On an odd-man rush three minutes later, Burke took a short pass from Smith -- the puck moving in the right direction in that scenario -- raced in and snapped in a shot to tie it.

"They turned the puck over the blueline. Smitty made a really good pass to me, I just went in and took a shot and got it under the blocker," said Burke, who led the Lethbridge Broncos in scoring last year with 27 goals and 109 points in 72 games.

Considering Back to the Future had just premiered at the theatres the last time the Flames fourth line produced two goals in a game, never mind in the same period, it was an effective and productive night for that trio.


Aagaard is Raising Eyebrows

"That line in the third period, they got us going and the momentum came off that," Huska said. "Mikkel, the two games he's played, he's made a good impression on me. He's a quick, young man and he's got some good skills, and you can see some hockey sense there."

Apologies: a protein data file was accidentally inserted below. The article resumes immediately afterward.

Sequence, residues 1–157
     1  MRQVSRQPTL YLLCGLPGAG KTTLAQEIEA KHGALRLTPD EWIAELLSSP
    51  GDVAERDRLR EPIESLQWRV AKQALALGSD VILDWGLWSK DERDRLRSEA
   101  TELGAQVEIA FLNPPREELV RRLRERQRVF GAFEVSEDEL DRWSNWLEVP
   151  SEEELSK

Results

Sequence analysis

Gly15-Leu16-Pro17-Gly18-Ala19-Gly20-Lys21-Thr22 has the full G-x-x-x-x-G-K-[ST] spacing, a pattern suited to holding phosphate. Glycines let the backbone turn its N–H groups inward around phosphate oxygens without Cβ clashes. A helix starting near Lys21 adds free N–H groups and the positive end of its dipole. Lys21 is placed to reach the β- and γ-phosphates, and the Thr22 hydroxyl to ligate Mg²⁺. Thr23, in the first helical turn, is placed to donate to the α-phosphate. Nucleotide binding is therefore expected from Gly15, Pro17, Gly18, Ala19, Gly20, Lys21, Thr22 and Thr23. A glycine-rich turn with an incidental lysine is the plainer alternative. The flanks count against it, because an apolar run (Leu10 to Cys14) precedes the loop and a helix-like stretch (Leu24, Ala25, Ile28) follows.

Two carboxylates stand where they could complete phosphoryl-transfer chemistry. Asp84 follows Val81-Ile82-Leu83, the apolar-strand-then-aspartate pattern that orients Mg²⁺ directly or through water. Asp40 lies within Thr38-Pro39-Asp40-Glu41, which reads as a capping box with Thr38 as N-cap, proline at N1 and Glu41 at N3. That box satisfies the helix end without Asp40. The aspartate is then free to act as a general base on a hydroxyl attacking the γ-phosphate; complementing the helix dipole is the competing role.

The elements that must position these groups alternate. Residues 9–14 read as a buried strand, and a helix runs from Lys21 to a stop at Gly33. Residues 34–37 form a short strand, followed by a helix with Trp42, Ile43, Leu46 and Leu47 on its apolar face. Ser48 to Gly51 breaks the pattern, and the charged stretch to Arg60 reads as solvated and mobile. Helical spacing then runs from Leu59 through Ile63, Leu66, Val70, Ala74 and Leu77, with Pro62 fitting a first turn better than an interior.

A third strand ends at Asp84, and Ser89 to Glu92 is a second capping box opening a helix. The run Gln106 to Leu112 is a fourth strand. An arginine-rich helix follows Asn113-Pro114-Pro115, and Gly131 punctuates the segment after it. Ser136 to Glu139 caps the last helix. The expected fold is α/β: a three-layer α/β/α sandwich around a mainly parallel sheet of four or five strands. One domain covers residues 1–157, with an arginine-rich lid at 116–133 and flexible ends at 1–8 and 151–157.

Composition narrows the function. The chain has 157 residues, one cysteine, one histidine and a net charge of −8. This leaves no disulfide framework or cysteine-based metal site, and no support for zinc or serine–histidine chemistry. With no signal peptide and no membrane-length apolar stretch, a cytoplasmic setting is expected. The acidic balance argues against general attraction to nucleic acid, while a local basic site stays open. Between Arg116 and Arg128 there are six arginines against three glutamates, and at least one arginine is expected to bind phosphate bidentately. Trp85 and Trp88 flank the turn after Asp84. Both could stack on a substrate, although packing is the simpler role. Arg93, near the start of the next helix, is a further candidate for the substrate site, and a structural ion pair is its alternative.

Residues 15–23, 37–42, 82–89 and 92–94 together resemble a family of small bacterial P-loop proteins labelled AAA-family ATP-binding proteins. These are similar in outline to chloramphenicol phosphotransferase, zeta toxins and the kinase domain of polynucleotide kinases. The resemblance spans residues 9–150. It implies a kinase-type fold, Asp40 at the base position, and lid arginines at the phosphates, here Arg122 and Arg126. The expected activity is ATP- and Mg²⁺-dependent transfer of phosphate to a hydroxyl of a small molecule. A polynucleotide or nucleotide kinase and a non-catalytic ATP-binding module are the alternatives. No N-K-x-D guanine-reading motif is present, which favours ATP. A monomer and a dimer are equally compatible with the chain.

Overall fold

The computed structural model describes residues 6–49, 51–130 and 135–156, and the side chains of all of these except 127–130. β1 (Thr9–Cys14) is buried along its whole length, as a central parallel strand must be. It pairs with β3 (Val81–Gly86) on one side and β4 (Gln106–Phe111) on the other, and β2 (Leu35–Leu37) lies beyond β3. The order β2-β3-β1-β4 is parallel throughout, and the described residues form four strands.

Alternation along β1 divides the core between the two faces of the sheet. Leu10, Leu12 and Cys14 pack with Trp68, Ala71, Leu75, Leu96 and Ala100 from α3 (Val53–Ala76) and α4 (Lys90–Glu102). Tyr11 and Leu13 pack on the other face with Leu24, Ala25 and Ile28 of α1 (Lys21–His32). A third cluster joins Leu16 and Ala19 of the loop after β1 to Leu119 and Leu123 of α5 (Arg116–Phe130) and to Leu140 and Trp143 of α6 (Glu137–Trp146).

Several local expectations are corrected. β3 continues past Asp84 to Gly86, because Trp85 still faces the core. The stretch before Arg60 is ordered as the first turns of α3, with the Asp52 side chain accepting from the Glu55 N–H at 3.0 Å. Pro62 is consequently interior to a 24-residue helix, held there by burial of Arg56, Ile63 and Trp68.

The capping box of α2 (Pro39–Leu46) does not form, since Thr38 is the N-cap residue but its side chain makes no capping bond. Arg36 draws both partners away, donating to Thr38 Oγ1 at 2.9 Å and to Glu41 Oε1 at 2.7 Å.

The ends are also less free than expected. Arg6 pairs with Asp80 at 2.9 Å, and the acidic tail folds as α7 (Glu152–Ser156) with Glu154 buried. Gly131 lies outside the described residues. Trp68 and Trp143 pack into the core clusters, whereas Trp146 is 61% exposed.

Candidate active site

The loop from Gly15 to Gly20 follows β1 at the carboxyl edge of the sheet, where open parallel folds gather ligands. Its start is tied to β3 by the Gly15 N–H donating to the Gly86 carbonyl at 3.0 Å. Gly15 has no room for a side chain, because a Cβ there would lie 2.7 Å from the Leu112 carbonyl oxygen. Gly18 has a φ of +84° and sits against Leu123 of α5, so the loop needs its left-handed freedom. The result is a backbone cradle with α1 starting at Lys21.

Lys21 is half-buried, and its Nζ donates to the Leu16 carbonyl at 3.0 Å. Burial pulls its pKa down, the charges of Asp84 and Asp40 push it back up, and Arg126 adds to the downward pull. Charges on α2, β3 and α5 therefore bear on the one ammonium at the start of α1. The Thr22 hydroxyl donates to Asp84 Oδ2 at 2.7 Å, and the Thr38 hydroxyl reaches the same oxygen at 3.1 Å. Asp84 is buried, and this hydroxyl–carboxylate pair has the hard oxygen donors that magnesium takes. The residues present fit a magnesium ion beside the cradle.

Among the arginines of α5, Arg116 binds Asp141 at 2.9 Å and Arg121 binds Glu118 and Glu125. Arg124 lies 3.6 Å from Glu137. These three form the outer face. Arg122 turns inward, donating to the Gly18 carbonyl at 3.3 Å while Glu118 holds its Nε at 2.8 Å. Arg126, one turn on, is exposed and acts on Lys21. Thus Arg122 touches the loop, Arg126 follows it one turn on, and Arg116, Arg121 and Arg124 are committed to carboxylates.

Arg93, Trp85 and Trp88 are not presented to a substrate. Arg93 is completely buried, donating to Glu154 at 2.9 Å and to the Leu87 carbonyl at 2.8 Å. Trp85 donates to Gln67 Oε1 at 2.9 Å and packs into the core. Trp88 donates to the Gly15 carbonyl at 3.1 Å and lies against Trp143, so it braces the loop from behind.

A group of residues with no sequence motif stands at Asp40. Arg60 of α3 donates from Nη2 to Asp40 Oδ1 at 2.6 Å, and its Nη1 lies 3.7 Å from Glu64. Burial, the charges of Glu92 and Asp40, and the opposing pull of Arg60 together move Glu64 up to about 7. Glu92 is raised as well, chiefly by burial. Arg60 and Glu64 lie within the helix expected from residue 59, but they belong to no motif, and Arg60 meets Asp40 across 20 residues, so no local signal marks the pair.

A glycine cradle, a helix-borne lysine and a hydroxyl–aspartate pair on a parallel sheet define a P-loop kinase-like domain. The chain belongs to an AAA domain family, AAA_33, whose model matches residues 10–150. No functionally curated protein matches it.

It was back-to-back quality appearances for Aagaard, who was the last-minute fill-in for injured Morgan Klimchuk on Friday. The centre's resume includes captaining Denmark at the World Junior Championships in 2015. That team also featured Winnipeg's Nik Ehlers and Columbus' Oliver Bjorkstrand.

Last year as an overager in the OHL, he had 24 goals and 53 points in 64 games. Twenty-one of those goals came in 44 games after he was traded from Niagara to Sudbury.

He's another small guy at 5-foot-11 but he doesn't play that way, seemingly not afraid to get involved when the play gets physical as it has been in both games.


Next Up

Flames are back in action on Monday when they host the Vancouver Canucks.




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1 comment:

  1. I feel like Eetu Tuulola is ready to breakout this tournament, he was making great plays with and without the puck and the passes just didn't find their way back to him in scoring positions. Eventually they will and this guy can finish!

    ReplyDelete